Edited with text by Helen Molesworth. Interviews with Lindsay Charlwood, Dagny Corcoran, Daniel DeSure, Thomas Houseago, Deana Lawson, Henry Taylor, and Venus X by Helen Molesworth
Providing a crucial record of the painter Noah Davis’s extraordinary oeuvre, this monograph tells the story of a brilliant artist and cultural force through the eyes of his friends and collaborators.
Despite his exceedingly premature death at the age of 32, Noah Davis created emotionally charged work that places him firmly in the canon of great American painting. Stirring, elusive, and attuned to the history of painting, his compositions infuse scenes from everyday life with a magical realist atmosphere and contain traces of his abiding interest in artists such as Marlene Dumas, Kerry James Marshall, Fairfield Porter, Mark Rothko, and Luc Tuymans.
This catalogue is published on the occasion of the 2020 exhibition at David Zwirner, New York, which travels to the Underground Museum in Los Angeles, a space that Davis founded with his wife, artist Karon Davis. In her introduction, catalogue essay, and interviews with important figures in Davis’s life, curator Helen Molesworth shows how the artist’s generosity and sense of responsibility galvanized a uniquely supportive artistic community, culture, and vision. Through color illustrations and archival photographs, the book captures the intimate yet expansive spirit of a studio visit with the artist.
Publisher: David Zwirner Books / The Underground Museum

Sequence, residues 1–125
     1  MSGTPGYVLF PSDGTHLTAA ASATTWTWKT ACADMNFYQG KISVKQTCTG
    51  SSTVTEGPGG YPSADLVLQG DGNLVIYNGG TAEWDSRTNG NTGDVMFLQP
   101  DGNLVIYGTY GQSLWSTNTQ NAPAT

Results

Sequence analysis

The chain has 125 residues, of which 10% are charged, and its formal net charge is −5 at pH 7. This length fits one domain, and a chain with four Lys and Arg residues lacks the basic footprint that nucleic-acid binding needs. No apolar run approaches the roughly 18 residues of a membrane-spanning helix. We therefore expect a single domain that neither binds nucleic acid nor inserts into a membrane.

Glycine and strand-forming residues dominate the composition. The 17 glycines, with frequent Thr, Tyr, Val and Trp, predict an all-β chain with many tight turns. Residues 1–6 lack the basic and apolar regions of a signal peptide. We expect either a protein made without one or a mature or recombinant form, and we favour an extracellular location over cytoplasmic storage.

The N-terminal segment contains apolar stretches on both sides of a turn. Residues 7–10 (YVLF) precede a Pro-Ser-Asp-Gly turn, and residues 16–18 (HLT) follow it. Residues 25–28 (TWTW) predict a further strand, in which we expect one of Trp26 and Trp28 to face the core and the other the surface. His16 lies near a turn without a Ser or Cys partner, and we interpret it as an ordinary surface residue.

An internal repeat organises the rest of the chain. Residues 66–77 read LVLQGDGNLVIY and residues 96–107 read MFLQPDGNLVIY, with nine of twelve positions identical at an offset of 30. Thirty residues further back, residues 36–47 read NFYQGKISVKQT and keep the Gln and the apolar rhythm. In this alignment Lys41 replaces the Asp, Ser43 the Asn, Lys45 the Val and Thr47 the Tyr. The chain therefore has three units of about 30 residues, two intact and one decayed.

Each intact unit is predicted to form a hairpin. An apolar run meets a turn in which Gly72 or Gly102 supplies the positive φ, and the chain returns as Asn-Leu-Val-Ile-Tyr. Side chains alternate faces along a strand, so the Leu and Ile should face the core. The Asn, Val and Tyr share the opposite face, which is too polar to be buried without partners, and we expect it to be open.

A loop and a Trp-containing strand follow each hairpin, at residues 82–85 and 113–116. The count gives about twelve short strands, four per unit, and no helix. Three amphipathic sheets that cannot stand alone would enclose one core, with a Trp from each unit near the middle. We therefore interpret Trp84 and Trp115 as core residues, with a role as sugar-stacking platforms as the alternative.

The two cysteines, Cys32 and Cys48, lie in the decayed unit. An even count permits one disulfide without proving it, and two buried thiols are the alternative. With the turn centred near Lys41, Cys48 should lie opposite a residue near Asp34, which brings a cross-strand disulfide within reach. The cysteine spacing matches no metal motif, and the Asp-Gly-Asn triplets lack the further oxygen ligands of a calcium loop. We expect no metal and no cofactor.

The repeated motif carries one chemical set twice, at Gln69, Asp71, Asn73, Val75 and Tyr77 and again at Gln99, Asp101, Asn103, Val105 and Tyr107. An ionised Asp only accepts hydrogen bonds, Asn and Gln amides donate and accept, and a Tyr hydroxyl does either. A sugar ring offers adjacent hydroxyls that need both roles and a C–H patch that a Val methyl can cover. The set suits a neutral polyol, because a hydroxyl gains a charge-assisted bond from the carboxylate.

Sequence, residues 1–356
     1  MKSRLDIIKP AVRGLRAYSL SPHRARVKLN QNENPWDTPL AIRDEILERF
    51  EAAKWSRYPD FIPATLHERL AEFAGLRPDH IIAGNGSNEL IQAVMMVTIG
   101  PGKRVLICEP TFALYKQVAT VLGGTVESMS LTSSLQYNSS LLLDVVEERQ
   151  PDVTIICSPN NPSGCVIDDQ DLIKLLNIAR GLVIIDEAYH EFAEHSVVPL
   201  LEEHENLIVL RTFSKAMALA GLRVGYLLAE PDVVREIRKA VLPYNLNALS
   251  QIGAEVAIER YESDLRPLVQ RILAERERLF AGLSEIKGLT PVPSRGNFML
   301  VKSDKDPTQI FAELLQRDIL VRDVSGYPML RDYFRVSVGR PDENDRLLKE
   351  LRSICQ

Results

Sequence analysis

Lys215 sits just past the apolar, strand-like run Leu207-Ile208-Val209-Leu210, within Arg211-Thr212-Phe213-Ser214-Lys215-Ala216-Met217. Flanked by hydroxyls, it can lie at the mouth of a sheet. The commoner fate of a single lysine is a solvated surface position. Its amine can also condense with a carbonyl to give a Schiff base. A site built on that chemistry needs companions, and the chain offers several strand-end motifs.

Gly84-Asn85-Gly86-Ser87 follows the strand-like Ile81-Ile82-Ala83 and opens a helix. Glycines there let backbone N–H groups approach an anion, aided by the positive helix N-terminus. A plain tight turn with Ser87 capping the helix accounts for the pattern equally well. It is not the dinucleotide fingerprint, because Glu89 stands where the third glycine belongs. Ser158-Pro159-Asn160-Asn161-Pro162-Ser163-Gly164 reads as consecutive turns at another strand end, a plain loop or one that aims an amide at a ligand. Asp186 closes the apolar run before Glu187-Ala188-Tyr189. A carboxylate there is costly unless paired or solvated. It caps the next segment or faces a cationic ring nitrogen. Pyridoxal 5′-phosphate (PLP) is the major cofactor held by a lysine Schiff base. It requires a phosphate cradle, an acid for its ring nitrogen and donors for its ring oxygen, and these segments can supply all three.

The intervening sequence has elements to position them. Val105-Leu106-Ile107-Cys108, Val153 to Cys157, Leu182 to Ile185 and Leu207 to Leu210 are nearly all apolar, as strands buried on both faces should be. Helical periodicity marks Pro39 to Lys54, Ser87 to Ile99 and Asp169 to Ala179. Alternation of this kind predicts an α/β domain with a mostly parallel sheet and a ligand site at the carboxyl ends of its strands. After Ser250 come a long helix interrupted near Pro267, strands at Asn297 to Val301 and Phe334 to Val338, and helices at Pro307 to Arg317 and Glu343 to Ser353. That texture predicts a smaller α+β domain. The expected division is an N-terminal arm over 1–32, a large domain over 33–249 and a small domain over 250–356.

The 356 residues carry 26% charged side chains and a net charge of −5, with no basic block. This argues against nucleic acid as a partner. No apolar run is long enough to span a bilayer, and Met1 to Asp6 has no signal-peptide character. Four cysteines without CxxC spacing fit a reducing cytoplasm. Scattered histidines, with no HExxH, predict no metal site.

Artists: Noah Davis
Contributors: Helen Molesworth, Lindsay Charlwood, Dagny Corcoran, Daniel DeSure, Thomas Houseago, Deana Lawson, Henry Taylor
Publication Date: September 2020
Dimensions: 10 × 12 in | 25.4 × 30.5 cm
Reproductions: 95 color
Retail: $75 | £60
American artist Noah Davis's (1983–2015) body of work encompasses, on the one hand, his lush, sensual, figurative paintings and, on the other, an ambitious institutional project called the Underground Museum, a black-owned-and-operated art space dedicated to the exhibition of museum-quality art in a culturally underserved African American and Latinx neighborhood in Los Angeles.
Helen Molesworth is a Los Angeles–based writer, podcaster, and curator. Her major museum exhibitions include: Leap Before You Look: Black Mountain College 1933–1957, This Will Have Been: Art, Love, and Politics in the 1980s, and Work Ethic. She has organized monographic exhibitions of Ruth Asawa, Moyra Davey, Noah Davis, Louise Lawler, Steve Locke, Kerry James Marshall, Catherine Opie, and Luc Tuymans. She is the author of numerous catalogue essays and her writing has appeared in Artforum, Art Journal, Documents, and October. The recipient of the 2011 Bard Center for Curatorial Studies Award for Curatorial Excellence, in 2021 she received a Guggenheim Fellowship and in 2022 she was awarded The Clark Art Writing Prize.